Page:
I covered a number of beats. See below.
This investigation is an old one but remains one of my greatest accomplishments. Erick Daniels was just a boy when he was sent to prison for an armed robbery that he did not commit, and he was one of the first in North Carolina prosecuted under a law allowing children to be tried as adults. I tracked down the people and documents that helped prove his innocence and that pointed toward another man's guilt. Erick's lawyer filed my report as evidence in his appeal, and after a court hearing to consider new evidence, Erick was released. Before the hearing began, the judge called me into his chambers before the hearing to tell me he had been persuaded by my work.
A front-page report calling attention to hundreds of New Yorkers who were caught with small, non-criminal amounts of marijuana, or who simply admitted to using it, only to face child neglect charges. Some parents even have their children taken away. The cases were rarely, if ever, brought against white parents.
Local prosecutors around the country partnered with a debt-collection company, allowing the company to send letters on the prosecutors' letterhead threatening jail time to millions of consumers who had bounced checks. But the company's threats, designed to convince consumers to pay exorbitant fees, were not enforced. Prosecutors offices shared in the company's profits.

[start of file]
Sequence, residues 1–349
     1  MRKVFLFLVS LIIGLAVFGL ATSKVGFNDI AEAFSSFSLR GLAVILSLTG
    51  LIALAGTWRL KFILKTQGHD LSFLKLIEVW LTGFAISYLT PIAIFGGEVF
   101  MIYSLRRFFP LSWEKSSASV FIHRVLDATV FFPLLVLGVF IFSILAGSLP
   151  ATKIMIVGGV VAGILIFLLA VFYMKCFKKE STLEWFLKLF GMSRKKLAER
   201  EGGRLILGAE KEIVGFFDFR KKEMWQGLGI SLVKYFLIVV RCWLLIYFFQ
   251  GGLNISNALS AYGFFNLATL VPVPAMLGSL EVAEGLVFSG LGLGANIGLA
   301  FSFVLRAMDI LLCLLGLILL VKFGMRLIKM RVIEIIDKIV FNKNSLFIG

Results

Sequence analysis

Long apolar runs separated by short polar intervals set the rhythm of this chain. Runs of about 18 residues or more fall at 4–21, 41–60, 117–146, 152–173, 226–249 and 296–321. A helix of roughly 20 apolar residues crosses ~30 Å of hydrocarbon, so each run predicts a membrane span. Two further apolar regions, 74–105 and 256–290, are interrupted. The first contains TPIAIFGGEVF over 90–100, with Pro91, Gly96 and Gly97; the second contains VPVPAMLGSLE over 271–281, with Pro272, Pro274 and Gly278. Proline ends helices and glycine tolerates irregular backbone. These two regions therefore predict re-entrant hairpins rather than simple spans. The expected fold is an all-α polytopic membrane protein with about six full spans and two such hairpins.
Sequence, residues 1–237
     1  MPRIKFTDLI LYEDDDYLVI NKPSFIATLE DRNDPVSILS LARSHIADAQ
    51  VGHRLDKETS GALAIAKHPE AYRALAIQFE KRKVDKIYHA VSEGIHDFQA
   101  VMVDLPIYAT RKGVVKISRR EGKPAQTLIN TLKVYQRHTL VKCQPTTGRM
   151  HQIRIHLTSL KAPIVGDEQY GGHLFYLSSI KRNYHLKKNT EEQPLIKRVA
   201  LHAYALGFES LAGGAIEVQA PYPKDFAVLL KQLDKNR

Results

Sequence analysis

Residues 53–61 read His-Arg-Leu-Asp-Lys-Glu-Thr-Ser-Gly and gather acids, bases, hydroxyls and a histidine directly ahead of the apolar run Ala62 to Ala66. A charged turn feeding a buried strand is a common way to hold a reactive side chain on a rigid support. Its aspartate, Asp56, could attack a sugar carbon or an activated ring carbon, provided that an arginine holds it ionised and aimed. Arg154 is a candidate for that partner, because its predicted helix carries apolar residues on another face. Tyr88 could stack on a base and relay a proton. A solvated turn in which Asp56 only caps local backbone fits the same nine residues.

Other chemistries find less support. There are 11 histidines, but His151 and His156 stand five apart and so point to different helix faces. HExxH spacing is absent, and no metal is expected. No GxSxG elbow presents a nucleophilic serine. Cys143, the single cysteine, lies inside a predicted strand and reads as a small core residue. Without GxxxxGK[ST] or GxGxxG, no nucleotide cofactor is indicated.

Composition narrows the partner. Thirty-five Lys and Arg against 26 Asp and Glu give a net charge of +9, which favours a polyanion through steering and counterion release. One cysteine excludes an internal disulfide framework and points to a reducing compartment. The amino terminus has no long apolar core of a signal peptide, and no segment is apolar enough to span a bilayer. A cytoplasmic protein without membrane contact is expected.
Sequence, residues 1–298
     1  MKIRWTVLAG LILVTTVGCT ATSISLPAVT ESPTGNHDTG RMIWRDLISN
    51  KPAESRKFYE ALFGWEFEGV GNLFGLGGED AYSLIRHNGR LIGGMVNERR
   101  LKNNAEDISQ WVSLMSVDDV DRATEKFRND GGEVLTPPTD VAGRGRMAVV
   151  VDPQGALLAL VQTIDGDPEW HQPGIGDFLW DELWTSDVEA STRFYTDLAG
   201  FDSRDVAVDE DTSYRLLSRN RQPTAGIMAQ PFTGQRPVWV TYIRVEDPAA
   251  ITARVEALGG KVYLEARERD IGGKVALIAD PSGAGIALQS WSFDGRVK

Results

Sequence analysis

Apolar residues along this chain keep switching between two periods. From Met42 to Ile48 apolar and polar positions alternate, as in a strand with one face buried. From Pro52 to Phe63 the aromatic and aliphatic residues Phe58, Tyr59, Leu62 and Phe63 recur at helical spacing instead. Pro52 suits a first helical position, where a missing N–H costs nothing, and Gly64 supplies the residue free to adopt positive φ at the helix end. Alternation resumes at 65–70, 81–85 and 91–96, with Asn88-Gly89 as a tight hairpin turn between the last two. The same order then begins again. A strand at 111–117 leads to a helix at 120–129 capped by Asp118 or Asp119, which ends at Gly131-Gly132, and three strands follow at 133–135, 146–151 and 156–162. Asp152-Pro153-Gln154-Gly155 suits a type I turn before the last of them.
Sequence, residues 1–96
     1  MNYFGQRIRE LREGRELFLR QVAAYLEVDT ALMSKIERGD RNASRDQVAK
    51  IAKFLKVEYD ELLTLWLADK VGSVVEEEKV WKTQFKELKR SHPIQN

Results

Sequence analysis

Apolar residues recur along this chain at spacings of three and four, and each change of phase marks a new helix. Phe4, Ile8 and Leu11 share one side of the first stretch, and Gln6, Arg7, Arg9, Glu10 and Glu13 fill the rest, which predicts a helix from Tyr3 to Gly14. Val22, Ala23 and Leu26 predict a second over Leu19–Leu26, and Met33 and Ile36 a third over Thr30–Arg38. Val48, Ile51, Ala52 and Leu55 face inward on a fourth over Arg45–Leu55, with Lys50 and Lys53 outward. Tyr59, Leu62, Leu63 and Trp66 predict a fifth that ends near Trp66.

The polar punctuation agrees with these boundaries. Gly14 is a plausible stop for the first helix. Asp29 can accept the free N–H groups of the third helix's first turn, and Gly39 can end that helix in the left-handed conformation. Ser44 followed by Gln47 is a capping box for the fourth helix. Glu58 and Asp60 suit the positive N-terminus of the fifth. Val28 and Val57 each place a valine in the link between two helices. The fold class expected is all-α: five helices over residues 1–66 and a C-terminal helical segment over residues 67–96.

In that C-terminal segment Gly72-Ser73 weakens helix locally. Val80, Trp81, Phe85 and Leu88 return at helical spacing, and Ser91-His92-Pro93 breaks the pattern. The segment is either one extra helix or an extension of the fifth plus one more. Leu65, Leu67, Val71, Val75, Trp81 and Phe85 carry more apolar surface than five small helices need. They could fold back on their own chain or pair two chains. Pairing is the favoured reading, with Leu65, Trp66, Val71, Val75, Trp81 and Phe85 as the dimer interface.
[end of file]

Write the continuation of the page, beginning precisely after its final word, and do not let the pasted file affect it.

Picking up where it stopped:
A front-page report on a move by states to prosecute fewer teenagers in adult criminal courts. The move came in response to an emerging consensus that many young delinquents have been mishandled by the adult court system.
A front-page report on a cadre of lawyers filing a flood of questionable lawsuits citing violations of the Americans With Disabilities Act, only to generate legal fees.
Handwritten letters from New York State prisoners to the New York Civil Liberties Union described the psychological toll of long-term solitary confinement.
An analysis of hundreds of thousands of cases in federal courts found vast disparities in the prison sentences handed down by judges presiding over similar cases, raising questions about the extent to which federal sentences are influenced by the particular judges rather than by the specific circumstances of the cases.
I was part of a team of reporters working on this year-long investigation about how America's patchwork system of death investigations puts the living at risk. Our work contributed to a print story, a Frontline documentary and a radio report for NPR's All Things Considered.
For years, a juvenile court judge mentored troubled teens, even as he was investigated several times for allegedly having inappropriate relationships with teenage girls.